Less than half of organizations believe their UC efforts are successful.
Before the proliferation of cloud computing, mobile devices and incredibly quick networks, when most folks talked about collaboration in the workplace, they focused on the desktop.
Now, thanks to the evolution of technology and the rise of mobility, the definition of workplace collaboration is changing.
Today, collaboration is defined differently than just having real-time communication modes (chat, voice, video, conferencing, etc.) on a single desktop client.
In our opinion, four trends are responsible for this redefinition of business collaboration.
Increasingly companies are relying on contractors and consultants to reduce costs and bring in specialized skill sets, among many other reasons.
While the trend helps, in order to get the most out of the cost benefits, companies need to provide contractors and consultants with access to their internal networks. Organizations then need to equip these workers with communications and collaboration tools, like UC clients, so they can do their jobs just as though they were regular employees.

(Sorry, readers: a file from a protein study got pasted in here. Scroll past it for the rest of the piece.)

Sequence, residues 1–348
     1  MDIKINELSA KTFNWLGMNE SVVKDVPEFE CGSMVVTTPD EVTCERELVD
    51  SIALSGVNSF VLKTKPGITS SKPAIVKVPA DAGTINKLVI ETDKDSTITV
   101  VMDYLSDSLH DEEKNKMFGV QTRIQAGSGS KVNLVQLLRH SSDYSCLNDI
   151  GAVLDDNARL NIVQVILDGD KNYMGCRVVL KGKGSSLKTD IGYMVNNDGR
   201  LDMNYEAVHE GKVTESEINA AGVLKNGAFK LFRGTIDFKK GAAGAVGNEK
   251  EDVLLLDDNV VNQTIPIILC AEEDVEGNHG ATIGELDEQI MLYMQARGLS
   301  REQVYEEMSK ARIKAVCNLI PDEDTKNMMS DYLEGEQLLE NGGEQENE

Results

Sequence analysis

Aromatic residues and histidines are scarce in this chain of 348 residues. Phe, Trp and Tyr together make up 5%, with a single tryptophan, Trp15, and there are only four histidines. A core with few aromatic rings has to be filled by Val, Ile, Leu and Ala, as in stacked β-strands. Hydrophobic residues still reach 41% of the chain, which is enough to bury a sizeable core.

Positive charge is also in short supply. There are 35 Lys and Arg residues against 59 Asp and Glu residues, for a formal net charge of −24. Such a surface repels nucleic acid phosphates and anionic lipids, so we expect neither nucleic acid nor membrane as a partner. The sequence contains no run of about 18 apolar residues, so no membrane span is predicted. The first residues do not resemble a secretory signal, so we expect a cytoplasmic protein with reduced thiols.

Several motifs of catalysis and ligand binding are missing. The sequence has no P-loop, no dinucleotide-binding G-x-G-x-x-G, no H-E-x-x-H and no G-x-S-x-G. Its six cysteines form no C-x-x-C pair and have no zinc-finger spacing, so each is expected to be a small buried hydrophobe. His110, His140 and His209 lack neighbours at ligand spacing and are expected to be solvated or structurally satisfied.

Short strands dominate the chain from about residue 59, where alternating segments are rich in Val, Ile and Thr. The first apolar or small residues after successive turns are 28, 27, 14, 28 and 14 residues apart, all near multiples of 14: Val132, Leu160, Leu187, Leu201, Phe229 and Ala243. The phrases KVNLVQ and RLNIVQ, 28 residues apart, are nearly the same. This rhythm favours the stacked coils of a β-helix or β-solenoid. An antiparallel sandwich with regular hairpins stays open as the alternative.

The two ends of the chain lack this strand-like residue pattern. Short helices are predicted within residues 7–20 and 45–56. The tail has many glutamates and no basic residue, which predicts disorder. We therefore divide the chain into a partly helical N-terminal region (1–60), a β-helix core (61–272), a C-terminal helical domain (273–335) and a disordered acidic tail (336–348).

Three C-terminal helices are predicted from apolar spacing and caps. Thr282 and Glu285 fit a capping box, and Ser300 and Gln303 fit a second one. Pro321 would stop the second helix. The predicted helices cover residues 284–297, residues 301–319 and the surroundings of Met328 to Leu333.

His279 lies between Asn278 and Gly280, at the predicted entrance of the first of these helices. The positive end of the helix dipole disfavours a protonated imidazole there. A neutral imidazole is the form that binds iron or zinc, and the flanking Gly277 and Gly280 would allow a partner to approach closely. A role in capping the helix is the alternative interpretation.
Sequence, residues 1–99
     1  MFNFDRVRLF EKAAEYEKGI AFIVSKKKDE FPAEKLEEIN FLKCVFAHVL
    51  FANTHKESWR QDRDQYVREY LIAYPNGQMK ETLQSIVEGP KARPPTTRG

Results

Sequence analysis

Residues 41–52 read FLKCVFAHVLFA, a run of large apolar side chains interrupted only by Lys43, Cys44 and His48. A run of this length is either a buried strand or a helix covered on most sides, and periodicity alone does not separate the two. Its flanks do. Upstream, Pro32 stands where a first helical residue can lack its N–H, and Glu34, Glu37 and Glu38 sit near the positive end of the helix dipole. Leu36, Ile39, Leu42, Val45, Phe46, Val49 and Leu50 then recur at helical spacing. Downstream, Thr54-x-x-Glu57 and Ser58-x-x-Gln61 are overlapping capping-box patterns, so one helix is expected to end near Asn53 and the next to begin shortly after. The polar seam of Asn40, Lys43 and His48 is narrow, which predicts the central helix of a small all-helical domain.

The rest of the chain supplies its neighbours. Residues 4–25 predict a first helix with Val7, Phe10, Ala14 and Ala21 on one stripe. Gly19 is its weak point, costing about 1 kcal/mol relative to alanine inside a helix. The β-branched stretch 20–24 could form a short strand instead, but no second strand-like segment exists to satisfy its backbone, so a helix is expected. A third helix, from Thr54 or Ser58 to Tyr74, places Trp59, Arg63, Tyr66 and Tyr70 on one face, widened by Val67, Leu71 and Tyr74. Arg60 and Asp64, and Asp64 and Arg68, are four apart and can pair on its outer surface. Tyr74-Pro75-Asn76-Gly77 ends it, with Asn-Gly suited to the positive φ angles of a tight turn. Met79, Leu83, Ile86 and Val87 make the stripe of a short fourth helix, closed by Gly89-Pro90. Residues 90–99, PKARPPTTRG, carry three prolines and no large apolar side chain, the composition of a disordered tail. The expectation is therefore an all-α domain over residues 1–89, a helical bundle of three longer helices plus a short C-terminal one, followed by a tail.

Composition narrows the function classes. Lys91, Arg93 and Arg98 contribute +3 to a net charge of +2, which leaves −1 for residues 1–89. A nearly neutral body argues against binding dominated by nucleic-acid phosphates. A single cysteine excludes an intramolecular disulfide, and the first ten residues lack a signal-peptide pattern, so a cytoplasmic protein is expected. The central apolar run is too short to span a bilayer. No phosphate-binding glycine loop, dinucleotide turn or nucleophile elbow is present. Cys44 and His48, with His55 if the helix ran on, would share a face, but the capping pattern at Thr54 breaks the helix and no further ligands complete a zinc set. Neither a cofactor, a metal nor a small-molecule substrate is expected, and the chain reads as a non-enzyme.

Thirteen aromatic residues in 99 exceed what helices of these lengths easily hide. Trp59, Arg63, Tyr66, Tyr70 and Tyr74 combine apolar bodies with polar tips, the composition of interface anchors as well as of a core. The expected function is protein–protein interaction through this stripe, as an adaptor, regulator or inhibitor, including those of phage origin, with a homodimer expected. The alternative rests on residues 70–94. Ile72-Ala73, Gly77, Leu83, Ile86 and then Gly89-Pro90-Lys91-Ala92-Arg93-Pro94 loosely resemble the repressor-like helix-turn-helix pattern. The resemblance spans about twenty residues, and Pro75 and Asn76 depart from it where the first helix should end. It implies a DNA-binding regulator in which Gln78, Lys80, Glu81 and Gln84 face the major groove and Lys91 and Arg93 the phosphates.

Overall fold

As the market for real-time communication and collaboration services emerged more than a decade ago, there was a heavy focus placed on the technology that powered each platform. Everyone was always talking about what this vendor was doing or what that vendor was up to.
But that’s all changing, according to David Mario Smith, research director at Aragorn Research.
To succeed in today’s fast-paced business world, organizations need to share information in real-time across internal and external teams.
However, despite their well-documented benefits, surprisingly 55 percent of organizations have yet to deploy any real-time collaboration tools. So right off the bat, because these companies lack UC platforms, organizations that have already deployed UC solutions aren’t able to federate with them.